If you were in Las Vegas earlier this week and thought you saw 40 horses at the airport, don't worry, you weren't drunk. You really saw 40 horses.
The FEI World Cup Jumping and Dressage finals are in Vegas Wednesday through Sunday, but most of the horses arrived early to get acclimated to their temporary home.
Tim Dutta is the man in charge of transporting many of the world's elite horses from Europe to Vegas.
"There's a group of companies involved in air transportation of horses, and we work well together. We are all horseman first -- this job needs to be done by horsemen, and all our staff are also experienced horse people," Dutta said.
The horses departed from Schiphol, Netherlands, and arrived in Las Vegas on Sunday. On the flight were 10 groomsmen and veterinarian Jan-Hein Swagemakers.
According to Dutta, each horse is allocated the equivalent of almost two stalls on the plane, and "we pay attention to each horse's little idiosyncrasies and requirements -- do they like wet hay or not? Do we use sea salt to encourage them to drink? I like them all to have a haynet so they can at least pick at it during the flight and have something in their belly. Some grooms like to feed them a bran mash midflight, but others don't eat much at all. I like to give them carrots. Horses see them as a treat and associate them with feeling good and being rewarded, so it helps them to settle.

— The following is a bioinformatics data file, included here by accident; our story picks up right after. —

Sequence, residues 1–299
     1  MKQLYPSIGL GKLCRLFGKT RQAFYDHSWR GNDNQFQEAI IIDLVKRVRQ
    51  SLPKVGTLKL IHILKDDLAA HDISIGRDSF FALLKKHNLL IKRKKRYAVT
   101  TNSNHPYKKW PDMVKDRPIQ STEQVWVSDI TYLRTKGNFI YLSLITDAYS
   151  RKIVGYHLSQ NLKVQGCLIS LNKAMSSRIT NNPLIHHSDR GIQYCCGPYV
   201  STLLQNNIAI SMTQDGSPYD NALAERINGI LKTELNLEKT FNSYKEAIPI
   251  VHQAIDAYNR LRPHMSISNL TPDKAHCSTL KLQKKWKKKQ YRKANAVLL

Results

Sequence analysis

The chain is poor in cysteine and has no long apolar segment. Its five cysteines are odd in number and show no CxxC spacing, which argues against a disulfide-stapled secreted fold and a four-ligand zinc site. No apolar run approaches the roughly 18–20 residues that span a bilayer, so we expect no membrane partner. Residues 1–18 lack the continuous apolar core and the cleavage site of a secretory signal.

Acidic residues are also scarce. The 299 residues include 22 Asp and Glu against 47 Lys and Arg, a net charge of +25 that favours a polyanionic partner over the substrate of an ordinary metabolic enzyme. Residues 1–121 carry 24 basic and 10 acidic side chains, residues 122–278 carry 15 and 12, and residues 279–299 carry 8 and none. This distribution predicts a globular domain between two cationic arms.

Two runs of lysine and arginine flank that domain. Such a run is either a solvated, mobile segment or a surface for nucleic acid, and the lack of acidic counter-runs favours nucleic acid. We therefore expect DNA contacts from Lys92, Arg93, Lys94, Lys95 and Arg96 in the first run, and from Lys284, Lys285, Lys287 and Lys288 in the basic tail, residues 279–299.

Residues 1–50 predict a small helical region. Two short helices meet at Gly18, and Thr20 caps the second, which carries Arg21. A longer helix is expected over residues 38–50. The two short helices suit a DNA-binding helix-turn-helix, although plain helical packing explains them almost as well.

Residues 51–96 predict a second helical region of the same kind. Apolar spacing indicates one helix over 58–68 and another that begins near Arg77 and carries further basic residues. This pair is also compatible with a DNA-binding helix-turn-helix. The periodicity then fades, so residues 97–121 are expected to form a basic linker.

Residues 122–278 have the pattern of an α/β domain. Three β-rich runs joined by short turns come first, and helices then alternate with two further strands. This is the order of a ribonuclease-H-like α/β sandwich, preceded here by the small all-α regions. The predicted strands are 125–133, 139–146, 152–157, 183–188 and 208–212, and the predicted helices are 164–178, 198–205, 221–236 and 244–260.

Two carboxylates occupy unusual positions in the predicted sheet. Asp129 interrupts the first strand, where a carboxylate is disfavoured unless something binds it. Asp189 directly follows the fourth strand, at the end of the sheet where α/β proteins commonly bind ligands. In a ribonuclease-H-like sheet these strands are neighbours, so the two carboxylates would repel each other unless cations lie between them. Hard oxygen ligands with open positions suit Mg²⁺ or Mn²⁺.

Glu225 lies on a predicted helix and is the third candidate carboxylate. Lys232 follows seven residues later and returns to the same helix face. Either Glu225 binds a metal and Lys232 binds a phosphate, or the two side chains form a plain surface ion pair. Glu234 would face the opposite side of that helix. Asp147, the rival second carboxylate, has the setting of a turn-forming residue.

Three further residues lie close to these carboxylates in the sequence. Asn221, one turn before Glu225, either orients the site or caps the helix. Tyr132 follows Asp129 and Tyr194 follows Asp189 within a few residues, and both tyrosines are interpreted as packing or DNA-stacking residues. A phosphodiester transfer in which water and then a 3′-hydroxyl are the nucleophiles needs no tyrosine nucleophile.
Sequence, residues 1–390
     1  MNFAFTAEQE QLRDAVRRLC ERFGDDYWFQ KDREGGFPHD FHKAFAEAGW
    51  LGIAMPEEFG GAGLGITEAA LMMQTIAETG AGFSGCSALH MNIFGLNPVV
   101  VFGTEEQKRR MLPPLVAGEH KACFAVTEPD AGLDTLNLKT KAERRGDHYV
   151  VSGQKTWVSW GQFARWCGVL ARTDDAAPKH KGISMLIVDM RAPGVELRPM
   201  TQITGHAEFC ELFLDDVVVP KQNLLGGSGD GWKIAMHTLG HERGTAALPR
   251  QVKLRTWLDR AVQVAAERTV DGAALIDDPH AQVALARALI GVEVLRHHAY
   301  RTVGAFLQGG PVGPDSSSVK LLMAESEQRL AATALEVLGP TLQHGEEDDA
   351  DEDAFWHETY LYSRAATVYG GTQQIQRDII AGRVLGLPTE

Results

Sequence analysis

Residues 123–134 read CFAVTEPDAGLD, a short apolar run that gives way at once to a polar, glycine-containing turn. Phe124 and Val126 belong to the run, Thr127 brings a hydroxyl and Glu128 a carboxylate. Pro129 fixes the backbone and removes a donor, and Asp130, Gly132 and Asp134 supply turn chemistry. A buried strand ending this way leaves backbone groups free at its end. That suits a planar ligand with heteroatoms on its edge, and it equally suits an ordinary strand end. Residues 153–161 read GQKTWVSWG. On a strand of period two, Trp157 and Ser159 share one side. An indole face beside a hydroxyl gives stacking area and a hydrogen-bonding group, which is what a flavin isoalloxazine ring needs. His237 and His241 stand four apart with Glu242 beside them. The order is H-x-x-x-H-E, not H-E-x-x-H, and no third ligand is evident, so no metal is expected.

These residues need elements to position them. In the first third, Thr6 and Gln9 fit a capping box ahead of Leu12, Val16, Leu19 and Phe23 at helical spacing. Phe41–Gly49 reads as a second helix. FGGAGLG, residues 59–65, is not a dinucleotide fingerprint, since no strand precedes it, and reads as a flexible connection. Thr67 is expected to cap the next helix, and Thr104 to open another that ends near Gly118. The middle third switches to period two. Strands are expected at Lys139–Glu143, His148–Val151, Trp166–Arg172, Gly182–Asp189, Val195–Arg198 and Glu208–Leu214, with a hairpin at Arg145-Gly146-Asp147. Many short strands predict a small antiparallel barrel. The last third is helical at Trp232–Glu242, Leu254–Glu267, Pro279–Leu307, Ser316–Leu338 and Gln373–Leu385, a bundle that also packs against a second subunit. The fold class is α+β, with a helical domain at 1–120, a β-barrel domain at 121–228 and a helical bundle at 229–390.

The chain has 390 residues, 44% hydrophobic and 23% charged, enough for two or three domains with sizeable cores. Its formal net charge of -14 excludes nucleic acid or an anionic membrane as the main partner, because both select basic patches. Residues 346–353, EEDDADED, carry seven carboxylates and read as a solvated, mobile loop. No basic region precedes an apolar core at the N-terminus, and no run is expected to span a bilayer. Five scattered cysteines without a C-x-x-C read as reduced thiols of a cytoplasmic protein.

"The grooms are there to help them with their comfort and safety, he said, but I like the horses to have some quiet time too, they need that. So when the aircraft is at cruise then they are left alone for a while, to have a snooze and relax, without being bothered by anyone."
The horses, who spent about 11 1/2 hours in the air, got a health check before they ere allowed on the plane. They even had their own passports. On landing, blood was taken to test for diseases. And you thought you had it bad in coach.